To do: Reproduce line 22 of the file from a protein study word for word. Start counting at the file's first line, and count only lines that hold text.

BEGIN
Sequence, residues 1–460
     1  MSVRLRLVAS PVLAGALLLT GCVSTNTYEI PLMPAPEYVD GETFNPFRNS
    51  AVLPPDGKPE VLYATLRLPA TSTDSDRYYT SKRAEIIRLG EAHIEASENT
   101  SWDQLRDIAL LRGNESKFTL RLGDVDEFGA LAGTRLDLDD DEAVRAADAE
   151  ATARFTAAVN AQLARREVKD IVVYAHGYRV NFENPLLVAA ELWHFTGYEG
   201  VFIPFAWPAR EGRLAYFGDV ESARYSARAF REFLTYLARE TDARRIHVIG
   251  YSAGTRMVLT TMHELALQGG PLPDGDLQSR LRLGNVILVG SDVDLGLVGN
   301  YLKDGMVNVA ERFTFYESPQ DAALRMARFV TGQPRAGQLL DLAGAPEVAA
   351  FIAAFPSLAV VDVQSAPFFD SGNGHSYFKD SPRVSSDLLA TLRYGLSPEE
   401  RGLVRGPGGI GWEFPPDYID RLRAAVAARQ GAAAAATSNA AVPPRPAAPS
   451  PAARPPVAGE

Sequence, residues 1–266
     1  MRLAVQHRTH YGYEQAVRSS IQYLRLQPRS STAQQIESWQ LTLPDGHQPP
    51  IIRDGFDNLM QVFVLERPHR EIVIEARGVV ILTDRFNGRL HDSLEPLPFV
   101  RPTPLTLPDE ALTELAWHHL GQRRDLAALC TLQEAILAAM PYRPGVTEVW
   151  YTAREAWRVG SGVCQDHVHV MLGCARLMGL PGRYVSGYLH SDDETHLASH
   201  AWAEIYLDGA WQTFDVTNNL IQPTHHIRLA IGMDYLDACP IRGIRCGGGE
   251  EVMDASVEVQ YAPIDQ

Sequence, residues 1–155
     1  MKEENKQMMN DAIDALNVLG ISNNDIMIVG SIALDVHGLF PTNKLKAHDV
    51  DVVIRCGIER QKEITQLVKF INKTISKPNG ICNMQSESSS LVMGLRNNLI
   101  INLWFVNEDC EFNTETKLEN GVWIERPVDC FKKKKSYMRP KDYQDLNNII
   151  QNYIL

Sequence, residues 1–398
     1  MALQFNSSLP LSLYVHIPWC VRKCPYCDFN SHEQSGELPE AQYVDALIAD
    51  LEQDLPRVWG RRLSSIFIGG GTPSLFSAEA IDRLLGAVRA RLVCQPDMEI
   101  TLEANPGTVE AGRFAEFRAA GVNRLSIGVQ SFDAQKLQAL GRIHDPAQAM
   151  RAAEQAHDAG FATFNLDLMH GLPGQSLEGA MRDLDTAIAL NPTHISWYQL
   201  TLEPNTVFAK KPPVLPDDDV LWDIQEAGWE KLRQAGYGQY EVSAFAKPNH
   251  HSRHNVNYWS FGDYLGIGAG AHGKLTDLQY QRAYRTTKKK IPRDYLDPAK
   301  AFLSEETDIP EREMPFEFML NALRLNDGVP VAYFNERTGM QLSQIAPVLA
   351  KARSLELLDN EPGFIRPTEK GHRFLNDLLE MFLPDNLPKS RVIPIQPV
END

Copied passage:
   101  INLWFVNEDC EFNTETKLEN GVWIERPVDC FKKKKSYMRP KDYQDLNNII